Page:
Matters of the Mind: Olympian insight on defeating mental hazards
By Greg Bach
One of Olympic speed skater Allison Baver’s first races on the ice as a teen new to the sport resembled a scene from a Friday the 13th movie: blood and bodies everywhere.
But that nightmarish afternoon didn’t sabotage her love for the sport.
Or derail an incredible journey that would later feature an Olympic medal and a dazzling number of American records.
But it took off-the-charts skill, passion, a tireless work ethic – and a sturdy and creative mindset – to make happen.
And her story serves as a wonderful example for young athletes today in all sports that the mind can be a powerful tool when returning from an injury or sweeping an unpleasant experience to the curb.
BLOODIED IN BALTIMORE
On this day, Baver had traveled 90 minutes from her home in Pennsylvania to Baltimore because that’s where the nearest open ice rink happened to be that day. “A lot of times our drive would be longer than the amount of time we had for practice,” she says. “Ice time was like gold.”
While leading a race, her legs churning as fast as possible, she fell. And the boy behind her attempted to jump over her, a big no-no in speedskating.
“It’s not advised for you to jump over people with blades on your feet,” Baver says. “As I later learned when you fall, you keep your blades as close to the ice as you can.”
His blade knocked her helmet back and sliced into her head.
“It cut literally from my hairline all the way down to my eyebrow,” she says. “And then right underneath my eye it started again and went all the way down my cheek. Had it been a few centimeters lower it could have gouged my eye out. Immediately there was blood everywhere. It was all over me and it was all over the ice.”
Her dad was in the stands and got her to the hospital.
“The next day I went to cheerleading practice and everyone was asking what happened to my face,” she says. “I looked like Frankenstein. I had the sutures and those butterfly stitches all over my face.”
FACING – AND CONQUERING - FEARS
Injuries are a part of sports; there’s no way around that. Youngsters are going to sustain them. Some will be minor, and others will, like Baver’s, be more serious.
And returning from injuries that have kept kids on the sidelines for any period of time requires dealing with all sorts of mental roadblocks.
When kids aren’t equipped to deal with the emotional baggage that accompanies a serious injury, chances are they won’t stick around in the sport for long. So it’s imperative that parents and coaches work with them, talk to them, and ease them back into the action.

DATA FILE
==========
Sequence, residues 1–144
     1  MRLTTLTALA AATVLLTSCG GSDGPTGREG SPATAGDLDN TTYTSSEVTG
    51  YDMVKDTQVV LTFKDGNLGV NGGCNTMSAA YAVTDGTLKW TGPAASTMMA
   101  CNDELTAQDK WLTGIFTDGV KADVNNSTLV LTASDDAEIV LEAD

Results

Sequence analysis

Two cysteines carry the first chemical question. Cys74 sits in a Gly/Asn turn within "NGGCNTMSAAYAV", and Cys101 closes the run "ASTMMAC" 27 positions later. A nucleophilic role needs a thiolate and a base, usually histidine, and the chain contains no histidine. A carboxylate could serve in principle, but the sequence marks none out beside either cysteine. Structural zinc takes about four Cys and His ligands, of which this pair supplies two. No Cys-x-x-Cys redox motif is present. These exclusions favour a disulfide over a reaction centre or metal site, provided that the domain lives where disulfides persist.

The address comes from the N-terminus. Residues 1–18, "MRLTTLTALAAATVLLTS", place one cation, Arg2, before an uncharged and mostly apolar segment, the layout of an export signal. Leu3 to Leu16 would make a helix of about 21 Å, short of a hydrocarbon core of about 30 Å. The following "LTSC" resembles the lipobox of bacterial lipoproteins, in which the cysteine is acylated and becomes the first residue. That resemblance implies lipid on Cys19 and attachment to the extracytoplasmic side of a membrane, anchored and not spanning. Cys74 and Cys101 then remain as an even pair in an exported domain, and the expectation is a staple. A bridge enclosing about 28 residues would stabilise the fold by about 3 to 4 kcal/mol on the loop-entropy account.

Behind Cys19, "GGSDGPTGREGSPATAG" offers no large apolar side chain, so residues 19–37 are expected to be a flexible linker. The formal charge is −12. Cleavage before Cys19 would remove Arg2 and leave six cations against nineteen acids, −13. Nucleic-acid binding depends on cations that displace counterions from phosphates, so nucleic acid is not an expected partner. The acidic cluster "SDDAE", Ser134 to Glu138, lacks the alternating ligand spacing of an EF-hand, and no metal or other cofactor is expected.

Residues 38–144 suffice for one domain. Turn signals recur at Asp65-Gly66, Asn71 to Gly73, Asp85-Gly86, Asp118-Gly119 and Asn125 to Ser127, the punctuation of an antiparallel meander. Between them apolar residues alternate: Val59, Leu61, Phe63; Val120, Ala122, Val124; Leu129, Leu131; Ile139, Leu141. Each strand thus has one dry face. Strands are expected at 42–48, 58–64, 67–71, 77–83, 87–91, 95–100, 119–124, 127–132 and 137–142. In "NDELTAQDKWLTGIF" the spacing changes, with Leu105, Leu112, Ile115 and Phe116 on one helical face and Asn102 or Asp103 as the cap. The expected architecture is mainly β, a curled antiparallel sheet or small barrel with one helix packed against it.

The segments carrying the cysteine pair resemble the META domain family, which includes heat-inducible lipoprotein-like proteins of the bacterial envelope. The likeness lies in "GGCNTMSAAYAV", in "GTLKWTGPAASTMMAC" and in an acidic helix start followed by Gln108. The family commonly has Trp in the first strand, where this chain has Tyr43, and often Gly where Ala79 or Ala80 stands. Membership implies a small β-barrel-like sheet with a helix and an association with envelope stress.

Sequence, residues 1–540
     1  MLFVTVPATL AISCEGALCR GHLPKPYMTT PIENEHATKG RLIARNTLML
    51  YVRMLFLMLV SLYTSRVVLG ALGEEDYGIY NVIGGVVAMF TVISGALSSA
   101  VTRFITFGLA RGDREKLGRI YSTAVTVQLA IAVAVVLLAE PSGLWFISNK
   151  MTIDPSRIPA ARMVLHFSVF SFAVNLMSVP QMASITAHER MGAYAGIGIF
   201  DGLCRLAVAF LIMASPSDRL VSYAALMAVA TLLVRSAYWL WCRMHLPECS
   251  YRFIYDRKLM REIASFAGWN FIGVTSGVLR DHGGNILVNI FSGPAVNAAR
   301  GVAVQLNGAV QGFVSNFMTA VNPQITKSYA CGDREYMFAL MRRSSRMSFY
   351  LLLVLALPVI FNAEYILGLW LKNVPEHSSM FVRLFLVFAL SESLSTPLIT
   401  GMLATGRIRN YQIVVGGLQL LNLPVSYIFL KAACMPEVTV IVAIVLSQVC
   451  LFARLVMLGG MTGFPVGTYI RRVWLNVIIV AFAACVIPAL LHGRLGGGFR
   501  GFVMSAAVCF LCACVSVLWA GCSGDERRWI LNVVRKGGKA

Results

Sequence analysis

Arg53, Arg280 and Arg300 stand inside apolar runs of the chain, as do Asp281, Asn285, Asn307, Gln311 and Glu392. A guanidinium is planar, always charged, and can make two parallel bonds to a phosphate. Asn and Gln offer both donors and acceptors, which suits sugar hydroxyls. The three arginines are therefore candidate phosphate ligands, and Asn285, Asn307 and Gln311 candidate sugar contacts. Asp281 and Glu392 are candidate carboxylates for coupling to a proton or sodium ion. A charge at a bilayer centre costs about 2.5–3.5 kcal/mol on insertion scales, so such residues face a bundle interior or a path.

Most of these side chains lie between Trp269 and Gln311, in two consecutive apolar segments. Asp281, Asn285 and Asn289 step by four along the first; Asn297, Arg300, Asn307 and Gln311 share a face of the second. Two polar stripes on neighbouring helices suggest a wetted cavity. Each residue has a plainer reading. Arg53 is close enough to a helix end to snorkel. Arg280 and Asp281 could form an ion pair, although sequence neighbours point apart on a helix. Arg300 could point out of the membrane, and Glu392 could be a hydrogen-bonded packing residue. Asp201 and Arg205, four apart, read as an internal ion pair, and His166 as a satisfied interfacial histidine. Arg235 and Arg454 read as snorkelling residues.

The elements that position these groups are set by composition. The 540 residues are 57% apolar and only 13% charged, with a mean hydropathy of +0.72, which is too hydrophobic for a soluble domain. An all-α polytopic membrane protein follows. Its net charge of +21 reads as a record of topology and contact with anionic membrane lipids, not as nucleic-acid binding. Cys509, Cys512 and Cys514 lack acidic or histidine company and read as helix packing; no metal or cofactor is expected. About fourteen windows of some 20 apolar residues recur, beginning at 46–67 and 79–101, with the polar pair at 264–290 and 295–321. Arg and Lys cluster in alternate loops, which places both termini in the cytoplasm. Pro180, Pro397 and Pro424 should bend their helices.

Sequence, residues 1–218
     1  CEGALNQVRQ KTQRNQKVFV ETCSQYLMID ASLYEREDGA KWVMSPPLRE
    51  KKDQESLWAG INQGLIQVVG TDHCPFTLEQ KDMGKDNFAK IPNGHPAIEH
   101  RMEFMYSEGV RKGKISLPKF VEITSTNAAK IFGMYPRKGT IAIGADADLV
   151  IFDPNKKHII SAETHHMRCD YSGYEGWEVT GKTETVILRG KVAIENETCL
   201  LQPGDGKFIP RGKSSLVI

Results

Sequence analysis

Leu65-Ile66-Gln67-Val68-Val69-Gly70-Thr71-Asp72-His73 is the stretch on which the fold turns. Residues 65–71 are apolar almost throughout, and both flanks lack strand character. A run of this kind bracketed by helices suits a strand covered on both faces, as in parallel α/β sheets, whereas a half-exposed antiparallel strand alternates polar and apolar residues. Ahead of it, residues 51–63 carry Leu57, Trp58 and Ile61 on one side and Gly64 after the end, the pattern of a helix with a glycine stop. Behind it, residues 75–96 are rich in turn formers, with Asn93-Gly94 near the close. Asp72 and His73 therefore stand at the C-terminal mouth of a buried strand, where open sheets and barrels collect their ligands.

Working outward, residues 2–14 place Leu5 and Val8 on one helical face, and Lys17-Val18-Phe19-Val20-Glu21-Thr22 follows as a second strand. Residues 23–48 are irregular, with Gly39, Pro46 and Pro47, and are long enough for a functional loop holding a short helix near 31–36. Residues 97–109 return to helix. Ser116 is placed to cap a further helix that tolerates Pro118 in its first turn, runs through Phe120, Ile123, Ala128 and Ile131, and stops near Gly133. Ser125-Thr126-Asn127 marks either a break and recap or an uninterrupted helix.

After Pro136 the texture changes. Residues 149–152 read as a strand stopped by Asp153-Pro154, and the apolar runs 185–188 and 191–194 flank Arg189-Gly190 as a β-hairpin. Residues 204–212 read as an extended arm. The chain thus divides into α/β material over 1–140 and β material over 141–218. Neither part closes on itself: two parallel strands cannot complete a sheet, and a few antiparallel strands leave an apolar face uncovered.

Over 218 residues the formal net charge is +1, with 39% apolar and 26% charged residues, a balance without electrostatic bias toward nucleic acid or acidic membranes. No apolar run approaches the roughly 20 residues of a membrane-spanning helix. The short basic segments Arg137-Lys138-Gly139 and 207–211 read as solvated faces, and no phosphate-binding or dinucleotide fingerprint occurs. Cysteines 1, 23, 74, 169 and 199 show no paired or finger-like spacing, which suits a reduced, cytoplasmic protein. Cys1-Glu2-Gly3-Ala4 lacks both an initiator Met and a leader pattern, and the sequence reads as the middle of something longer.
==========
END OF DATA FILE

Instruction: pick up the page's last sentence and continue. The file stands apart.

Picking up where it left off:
Baver’s life could have taken a lot of different turns after that accident. An active child, she could have easily put the skates away and spent more time with other sports she participated in growing up, like gymnastics, dancing, track and field, soccer or field hockey.
But a conversation with her dad helped put her injury into perspective.
“He basically said there is risk in life even without skating so if I loved it I might as well just go for it,” Baver says. “So I did. I was back on the ice in two weeks and my parents bought me my own blades that year for Christmas and sharpening equipment and all that good stuff.”
BROKEN LEG, UNSTOPPABLE DREAM
A year before the 2010 Olympic Games, Baver broke her leg in a collision with another racer during the World Cup final.
So once again she faced a hefty challenge. And she was able to regroup, recover and return to racing in time for the Olympics.
And make that coveted podium.
“I’ve kind of had to go into it with a really fearless approach,” she says. “You have to be able to pour your heart into it and push yourself without holding yourself back and the only way to do that is to push aside that emotional connection to those bad memories.”
It's a fascinating approach, taking a negative or traumatic event and re-working the ending in your mind so you’re free of the clutter.
And ready to compete with confidence.
“I had to take myself in my visualization through that crash and that race and changing the outcome,” she says. “It’s almost like your blueprint is being changed in a way where you have to re-program your brain and re-program your thought pattern of what happened.”
The results speak for themselves: a three-time Olympian; a bronze medal; multiple records; and a distinguished career as one of the sport’s preeminent short track skaters.
“You have to say to yourself, ‘I’m not going to hold myself back,’” she says.
Sounds like pretty good advice for young athletes of all sports.
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After a disappointing performance four-time Olympian Stacey Cook will be mad and frustrated – for 30 minutes. Then she resets and refocuses, a great approach for young athletes in any sport